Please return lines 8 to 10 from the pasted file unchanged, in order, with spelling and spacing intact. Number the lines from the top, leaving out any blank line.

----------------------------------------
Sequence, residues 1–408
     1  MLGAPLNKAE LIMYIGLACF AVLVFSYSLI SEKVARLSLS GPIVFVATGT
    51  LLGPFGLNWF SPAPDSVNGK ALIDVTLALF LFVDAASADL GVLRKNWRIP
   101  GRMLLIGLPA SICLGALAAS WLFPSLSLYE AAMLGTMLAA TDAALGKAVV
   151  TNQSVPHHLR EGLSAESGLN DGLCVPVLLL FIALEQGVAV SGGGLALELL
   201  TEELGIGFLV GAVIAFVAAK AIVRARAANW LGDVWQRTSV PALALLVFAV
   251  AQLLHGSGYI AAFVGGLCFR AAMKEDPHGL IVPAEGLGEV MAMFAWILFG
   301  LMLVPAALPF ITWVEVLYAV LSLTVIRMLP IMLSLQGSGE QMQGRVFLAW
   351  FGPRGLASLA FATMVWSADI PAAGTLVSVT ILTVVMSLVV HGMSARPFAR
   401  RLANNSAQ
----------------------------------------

   301  LMLVPAALPF ITWVEVLYAV LSLTVIRMLP IMLSLQGSGE QMQGRVFLAW
   351  FGPRGLASLA FATMVWSADI PAAGTLVSVT ILTVVMSLVV HGMSARPFAR
   401  RLANNSAQ